Discussing ableism can be very difficult. Too often, words and phrases that have a meaning within the disability community can be different outside of the disability community. It has been a struggle, a sometimes sensitive barrier that too many progressives decide isn’t something they want to approach. Frequently, progressives fall into using phrases to describe others that degrade or belittle them by using terms that imply they are disabled. In her song “Grrrls,” Lizzo fell into that trope by using a term that is common within our language.
Often when people refer to those who are neurodivergent or different, those who suffer mental or physical disability as less than others, it is done in an off-handed way. In many cases, people who use the phrases don’t realize the stigma those words can cause, and it is just a silent response that says: “Well, I guess it is this way.”
I grew up around physical disabilities and raised a son with autism, among other diagnoses. And this is how we define the difference between what makes someone an ally and someone who isn’t interested in listening. Lizzo is presenting the perfect example of what an ally looks like: She had made a word choice and didn’t associate it with the root cause. She was informed of the problem, took it seriously, and adapted.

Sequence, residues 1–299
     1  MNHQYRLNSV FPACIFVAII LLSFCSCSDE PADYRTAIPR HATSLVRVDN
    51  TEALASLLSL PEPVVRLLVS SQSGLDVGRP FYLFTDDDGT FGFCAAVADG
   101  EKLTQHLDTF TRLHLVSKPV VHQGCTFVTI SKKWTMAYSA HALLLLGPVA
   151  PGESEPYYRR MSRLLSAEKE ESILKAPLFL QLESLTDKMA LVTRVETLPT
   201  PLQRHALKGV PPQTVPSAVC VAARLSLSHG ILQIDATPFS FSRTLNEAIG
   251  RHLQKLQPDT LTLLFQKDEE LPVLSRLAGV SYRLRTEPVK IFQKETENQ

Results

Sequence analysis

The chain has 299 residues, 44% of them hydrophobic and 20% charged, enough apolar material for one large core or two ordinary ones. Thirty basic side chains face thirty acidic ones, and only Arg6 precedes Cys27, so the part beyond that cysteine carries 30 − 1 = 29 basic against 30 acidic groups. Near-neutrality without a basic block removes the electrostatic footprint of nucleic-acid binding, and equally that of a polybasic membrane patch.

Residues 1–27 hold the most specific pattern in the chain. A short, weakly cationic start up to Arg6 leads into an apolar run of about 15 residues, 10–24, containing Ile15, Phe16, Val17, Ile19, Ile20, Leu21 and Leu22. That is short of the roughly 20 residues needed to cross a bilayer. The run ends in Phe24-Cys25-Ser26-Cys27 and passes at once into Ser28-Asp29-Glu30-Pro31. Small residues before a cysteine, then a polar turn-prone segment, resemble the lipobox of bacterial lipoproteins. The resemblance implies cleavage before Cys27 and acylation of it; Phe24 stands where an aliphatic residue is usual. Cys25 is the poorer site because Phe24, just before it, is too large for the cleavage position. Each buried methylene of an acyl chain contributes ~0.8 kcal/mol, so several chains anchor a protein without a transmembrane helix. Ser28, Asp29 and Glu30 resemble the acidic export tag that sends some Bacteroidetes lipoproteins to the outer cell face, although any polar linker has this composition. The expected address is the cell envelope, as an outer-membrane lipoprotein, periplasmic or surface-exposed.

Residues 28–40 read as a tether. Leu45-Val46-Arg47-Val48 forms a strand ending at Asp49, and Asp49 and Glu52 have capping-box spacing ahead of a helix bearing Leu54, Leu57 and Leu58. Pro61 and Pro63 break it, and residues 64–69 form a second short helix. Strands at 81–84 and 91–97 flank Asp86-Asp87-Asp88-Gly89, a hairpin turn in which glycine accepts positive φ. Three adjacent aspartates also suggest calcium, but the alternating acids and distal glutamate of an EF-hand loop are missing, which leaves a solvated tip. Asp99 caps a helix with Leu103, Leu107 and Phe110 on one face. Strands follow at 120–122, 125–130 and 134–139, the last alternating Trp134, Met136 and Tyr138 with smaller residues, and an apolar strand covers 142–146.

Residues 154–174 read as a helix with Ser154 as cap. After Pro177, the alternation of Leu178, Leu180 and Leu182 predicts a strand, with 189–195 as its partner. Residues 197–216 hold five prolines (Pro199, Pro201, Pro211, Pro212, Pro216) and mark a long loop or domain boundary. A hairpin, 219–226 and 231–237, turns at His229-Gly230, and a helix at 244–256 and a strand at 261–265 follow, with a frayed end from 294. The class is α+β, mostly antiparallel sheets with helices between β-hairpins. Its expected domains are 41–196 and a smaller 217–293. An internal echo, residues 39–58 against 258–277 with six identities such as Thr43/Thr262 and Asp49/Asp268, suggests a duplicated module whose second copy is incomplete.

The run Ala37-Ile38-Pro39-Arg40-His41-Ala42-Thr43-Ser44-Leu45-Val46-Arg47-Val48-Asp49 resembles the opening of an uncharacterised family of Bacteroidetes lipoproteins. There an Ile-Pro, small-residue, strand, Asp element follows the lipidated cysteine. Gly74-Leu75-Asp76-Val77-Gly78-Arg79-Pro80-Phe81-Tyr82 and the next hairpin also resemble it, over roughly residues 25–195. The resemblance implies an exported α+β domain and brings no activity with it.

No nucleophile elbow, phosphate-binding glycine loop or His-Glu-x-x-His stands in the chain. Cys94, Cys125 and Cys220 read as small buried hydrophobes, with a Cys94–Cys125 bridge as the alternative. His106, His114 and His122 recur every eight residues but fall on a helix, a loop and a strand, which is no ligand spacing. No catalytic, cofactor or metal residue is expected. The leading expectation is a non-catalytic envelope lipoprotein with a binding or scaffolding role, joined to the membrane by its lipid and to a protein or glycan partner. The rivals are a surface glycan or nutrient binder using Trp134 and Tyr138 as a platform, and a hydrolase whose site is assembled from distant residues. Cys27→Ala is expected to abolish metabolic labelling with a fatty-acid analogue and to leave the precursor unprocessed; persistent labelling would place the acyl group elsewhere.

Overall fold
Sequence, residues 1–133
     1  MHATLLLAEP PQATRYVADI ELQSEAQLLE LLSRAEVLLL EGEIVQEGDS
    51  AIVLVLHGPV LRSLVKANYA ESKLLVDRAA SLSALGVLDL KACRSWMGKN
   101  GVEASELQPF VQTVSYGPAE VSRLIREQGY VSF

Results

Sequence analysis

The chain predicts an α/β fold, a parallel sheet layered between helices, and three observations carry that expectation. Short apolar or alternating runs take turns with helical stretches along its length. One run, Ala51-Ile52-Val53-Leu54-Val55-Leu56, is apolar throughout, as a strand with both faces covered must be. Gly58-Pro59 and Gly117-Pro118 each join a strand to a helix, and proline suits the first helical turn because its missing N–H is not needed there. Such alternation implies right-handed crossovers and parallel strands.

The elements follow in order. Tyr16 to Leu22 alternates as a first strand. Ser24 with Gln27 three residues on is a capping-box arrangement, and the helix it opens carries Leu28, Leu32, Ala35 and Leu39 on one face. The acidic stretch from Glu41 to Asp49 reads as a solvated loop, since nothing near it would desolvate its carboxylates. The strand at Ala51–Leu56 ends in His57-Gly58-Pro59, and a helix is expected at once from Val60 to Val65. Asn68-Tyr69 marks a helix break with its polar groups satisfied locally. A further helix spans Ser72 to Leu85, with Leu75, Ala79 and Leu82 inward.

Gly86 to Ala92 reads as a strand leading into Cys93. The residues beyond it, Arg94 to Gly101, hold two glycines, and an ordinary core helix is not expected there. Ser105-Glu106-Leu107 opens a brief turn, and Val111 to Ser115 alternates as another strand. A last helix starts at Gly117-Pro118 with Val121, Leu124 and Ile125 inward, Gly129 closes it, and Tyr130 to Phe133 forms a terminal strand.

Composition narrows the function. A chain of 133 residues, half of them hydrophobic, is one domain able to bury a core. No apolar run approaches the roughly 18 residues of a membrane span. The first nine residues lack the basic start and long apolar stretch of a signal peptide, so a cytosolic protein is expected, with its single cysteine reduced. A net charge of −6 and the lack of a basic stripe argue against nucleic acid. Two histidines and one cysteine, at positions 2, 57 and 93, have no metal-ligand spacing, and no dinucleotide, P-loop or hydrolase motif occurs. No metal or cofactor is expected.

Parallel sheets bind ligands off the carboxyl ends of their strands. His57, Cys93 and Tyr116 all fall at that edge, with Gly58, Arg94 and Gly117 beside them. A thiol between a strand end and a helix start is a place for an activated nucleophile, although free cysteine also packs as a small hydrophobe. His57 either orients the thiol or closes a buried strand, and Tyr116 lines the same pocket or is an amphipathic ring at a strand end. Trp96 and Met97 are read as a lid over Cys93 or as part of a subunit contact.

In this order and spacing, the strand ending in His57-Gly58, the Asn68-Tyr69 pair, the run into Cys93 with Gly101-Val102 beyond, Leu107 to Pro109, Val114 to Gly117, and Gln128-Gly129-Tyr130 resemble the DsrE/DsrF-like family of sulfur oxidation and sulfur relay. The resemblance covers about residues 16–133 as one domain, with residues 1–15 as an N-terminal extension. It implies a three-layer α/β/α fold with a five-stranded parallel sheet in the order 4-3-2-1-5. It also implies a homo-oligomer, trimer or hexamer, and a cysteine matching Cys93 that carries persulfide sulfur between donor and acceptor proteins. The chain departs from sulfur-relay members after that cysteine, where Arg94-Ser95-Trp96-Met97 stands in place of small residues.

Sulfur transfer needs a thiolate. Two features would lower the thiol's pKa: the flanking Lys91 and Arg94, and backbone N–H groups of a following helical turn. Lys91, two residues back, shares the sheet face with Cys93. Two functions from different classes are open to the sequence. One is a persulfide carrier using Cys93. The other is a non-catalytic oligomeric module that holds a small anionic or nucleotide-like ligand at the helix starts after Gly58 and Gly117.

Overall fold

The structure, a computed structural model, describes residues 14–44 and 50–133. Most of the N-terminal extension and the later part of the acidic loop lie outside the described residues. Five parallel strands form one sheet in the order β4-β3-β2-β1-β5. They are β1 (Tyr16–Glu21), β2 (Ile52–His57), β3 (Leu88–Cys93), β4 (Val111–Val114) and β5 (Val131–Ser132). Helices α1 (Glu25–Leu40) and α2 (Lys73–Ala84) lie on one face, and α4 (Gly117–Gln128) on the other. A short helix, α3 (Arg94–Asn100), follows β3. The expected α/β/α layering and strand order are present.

This is something we can celebrate. There will be others who may want to bash Lizzo for using the phrase originally. Within the Twitter-sphere, we are seeing several, let me say, zero-follower accounts (I would say a large percentage bots, but who knows) contending that Lizzo making this change reflects that she is bowing out of pressure to a white community that is opposed to the language usage. This is the completely wrong message, and it doesn’t understand the reality faced by people of color with disability:
In the newly reworked version, available on YouTube, the phrase has been altered to “Hold me back,” and I would contend that not only do the new lines solve the ableism problem, they also give the song a much better flow.
This is what understanding is about. It is okay if you make mistakes; Most of them are unintentional. In many cases, we are all on the same side. When artists listen and look for the best solutions, you know that you are presenting an example of what to do in advancing understanding.
Lizzo herself faces her own derogatory, hate-filled rants against her. Willingness to understand, and to develop and grow together help all of us succeed.
Role models make mistakes, but they are the ones who pick themselves up, listen, and get help from others. Lizzo did exactly that. Kudos to her, and the message she sends about ableism.